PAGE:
Dame Silvia Cartwright PCNZM,DBE,Governor-General of New Zealand
(a) Complaint to Governor-General, Commander-in-Chief of the armed
(b) High Court Appeal, Privacy Review Tribunal Decision \ HRRT 29/01
request by appellant for release of transcript.
(c) Please assist your Honour.
Commander-in-Chief Hon Dame Cartwright,
- The writer/plaintiff is deeply
concerned that he is been deprived of a right to have his recorded
complaints pertaining to aspects of his service with the New Zealand Army
heard. That the Chairperson hearing the complainants complaint before
Privacy Review Tribunal 13th June 2002 and 1st July
2002 has found the Tribunal does not have the powers to make a decision on
the substance of my complaint.
Because the plaintiff over a number of years complained to Chief of Staff
Defence Force who in turn has repeatedly refused to hear his complaints.
The plaintiff asked at hearing on the 13th June, that the
Tribunal Chairperson accept his moral and legal obligation to hear the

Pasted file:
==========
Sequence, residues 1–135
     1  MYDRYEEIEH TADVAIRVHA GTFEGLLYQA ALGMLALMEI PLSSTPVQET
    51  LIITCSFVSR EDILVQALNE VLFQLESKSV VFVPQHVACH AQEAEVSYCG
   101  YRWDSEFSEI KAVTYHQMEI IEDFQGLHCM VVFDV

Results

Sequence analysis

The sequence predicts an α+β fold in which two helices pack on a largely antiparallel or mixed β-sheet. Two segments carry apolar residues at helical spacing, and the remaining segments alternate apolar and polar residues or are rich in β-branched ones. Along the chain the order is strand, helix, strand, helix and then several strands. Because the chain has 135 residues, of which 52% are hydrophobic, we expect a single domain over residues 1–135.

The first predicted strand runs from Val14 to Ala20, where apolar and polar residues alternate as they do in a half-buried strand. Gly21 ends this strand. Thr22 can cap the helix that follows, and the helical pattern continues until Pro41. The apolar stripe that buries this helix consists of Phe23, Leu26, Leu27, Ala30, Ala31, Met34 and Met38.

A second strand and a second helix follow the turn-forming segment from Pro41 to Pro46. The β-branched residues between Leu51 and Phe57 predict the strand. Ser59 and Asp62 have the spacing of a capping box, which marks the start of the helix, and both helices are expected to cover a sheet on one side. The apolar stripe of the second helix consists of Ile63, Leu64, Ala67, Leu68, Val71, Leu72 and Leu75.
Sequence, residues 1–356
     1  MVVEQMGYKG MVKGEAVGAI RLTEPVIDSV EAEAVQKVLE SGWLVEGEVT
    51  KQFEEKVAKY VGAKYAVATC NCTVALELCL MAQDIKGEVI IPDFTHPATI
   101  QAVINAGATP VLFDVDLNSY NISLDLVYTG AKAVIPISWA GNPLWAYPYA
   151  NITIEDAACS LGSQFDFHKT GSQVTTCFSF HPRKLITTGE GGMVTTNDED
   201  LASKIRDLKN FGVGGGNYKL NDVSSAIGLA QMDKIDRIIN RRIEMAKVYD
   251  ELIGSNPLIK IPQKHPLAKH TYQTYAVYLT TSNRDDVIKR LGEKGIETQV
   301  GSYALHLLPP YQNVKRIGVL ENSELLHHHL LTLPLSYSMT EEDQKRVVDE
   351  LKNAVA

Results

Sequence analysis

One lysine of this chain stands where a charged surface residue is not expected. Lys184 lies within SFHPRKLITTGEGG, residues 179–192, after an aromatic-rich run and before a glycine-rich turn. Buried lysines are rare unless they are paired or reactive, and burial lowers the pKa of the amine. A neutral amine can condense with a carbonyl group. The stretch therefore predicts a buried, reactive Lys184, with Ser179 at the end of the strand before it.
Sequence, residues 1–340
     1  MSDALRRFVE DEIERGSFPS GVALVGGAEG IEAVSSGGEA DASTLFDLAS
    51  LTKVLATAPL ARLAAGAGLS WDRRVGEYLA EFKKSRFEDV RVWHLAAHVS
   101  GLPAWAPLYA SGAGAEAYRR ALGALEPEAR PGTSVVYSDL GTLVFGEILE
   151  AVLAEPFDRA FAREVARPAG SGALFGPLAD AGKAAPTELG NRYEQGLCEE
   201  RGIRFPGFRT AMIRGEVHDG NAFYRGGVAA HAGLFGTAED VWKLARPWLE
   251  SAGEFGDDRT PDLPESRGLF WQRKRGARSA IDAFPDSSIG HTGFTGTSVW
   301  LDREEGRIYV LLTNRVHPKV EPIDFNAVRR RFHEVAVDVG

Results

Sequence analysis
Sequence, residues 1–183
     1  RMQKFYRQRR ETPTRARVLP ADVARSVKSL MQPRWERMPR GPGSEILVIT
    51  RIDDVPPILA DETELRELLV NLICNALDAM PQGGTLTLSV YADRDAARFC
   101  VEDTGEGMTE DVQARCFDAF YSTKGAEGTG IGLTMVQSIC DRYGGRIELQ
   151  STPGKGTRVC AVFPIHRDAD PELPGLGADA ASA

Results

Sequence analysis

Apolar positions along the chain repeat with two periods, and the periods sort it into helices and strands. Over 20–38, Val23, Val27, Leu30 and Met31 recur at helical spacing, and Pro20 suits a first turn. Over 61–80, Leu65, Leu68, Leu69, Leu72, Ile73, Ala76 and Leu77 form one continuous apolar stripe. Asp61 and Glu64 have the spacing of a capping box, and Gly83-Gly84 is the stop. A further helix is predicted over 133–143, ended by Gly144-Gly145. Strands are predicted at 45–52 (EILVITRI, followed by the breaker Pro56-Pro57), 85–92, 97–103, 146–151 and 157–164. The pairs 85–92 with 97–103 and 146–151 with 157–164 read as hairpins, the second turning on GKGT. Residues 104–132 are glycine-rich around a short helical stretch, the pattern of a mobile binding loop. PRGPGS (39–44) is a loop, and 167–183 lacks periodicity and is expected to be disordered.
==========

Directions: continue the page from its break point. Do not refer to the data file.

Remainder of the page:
plaintiff’s complaints by virtue of a section set out within the Armed
Forces Discipline Act. A section that states a soldier must continue his
complaint to a higher authority until addressed.
It appears within the decision received today, that the Privacy Review
Tribunal appointed by your Honour, refuses to finalize my complaint.
Respectfully please would your Honour the Commander-in-Chief of the New
Zealand Armed Forces, please listen to my complaint?
Honour please take the time and if necessary receive pleadings in respect to
aspects of the way I was treated by army during my time past and present, in
- The plaintiff is very unhappy
with findings of the Privacy Review Tribunal found within the decision
received today. It would appear to the plaintiff that either the Privacy
Commissioner or the plaintiff could likely file an appeal in the High
Court appealing other aspects relating to the privacy of an individual in
the Tribunals decision. At first glance, the plaintiff feels the Tribunals
finding in respect to sec. 66, at the very least, probably warrants a
hearing before the High Court however it seems somewhat unrelated to the
substance of the facts of the matters filed.
While clearly, the plaintiff has been deprived of proper legal
representation throughout the 14 years that it’s taken him to gain a
judicial hearing; he should of course not be deprived of a proper hearing.
The plaintiff is very concerned he does not have a copy of the transcript
of the hearings 13th June and 1st July to assist the
construction of an appeal before the High Court. He understands you
Honour, you alone have the power to order that he be provided with a copy
of the transcript of all the proceedings heard in these matters. Could you